Transgendered TV model speaks at ULS
Former America’s Next Top Model contestant Isis King opened her discussion to students Tuesday with two questions: “What is sexuality? What is gender?”
King, who was the first Top Model contestant not born physically female, discussed her life story at the fourth University Lecture Series (ULS) of the semester.
“I’m a regular person. (Transgendered people) are regular people,” King said. “I want to be recognized as just a woman – not a transgendered woman.
King competed in the televised modeling competition, hosted by former model Tyra Banks, in the spring of 2008.
King said she first realized her attraction toward boys when she was in kindergarten.
“I’m not sure where it came from, what made me attracted to guys, but I knew that’s who I was, that’s who I was attracted to,” King said.
In middle school, King said she began to identify with girls and would date the ones she envisioned herself to be. Around that time, King said she was introduced to the idea of being a transgendered person while watching an episode of the talk show “Maury.”
When she was in high school, King “came out” as a homosexual man. She began transitioning into a woman by taking hormones in the summer of 2006.
King was featured in an MSNBC documentary “Born in the Wrong Body: On the Edge” in 2007, before she competed on America’s Next Top Model.
After appearing as a guest on Banks’ talk show, King said the talk show host and a plastic surgeon funded her gender reassignment surgery, which was on Feb. 27.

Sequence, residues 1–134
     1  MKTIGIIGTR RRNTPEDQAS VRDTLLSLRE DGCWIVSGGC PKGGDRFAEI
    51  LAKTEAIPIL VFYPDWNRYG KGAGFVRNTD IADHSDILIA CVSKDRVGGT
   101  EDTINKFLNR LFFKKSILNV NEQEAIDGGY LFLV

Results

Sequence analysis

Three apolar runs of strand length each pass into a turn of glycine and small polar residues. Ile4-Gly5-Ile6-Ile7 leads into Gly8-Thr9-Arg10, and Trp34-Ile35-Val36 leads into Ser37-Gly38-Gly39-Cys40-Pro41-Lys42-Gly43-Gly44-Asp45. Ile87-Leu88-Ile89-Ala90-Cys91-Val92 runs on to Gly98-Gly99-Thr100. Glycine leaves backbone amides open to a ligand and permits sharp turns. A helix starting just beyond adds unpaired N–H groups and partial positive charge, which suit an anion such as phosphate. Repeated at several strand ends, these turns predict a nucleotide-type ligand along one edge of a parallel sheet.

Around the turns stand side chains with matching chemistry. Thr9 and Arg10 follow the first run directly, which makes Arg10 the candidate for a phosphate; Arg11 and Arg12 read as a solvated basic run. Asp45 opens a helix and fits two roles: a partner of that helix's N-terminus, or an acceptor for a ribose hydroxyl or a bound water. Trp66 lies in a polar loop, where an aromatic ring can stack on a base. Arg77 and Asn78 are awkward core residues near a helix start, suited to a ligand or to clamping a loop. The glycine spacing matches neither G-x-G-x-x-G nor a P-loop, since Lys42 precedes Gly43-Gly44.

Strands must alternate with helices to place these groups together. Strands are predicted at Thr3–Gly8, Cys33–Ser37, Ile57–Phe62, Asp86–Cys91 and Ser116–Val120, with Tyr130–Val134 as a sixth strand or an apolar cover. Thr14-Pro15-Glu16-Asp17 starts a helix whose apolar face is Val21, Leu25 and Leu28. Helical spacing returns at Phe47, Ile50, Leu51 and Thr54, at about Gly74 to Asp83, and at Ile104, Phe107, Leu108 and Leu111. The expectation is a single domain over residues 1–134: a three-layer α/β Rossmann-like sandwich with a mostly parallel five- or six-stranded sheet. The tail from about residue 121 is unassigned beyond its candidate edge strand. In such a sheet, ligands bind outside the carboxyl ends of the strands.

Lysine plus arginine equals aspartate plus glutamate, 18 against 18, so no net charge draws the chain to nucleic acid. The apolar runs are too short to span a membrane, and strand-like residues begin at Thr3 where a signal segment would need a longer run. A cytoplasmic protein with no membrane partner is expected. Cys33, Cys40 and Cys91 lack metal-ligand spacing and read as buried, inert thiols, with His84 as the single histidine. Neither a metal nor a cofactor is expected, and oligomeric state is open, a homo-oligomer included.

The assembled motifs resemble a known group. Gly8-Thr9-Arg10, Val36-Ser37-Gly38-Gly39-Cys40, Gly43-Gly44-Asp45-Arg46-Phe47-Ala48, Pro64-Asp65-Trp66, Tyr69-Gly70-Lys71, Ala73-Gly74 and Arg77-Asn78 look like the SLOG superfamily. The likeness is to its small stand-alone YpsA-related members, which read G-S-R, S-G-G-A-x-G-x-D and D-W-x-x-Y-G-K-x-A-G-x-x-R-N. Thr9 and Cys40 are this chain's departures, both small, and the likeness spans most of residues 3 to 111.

“After the surgery, emotionally, I didn’t really feel (a change),” King said. “I thought I would, but because I already knew who I was, it didn’t affect me.”
Jah Forman, a sophomore majoring in international business, was among the 214 attendees at Tuesday’s event in the Marshall Student Center Oval Theater.
Forman asked King during a question-and-answer session about the typical reaction she receives when she tells people she is transgendered.
“Not telling somebody is a dangerous thing. So that was never the direction that I wanted to go,” King said. “I always wanted the guy I was with to view me as a woman, but I wanted him to know about my past.”
Another student asked which was easier for King – being a homosexual man or a transgendered woman.
“Living my life as a gay male was easier. There are way more people you can relate to, not just in general but in the media as well,” King said. “For my transition, I had to do it by myself. I had no one to look up to.”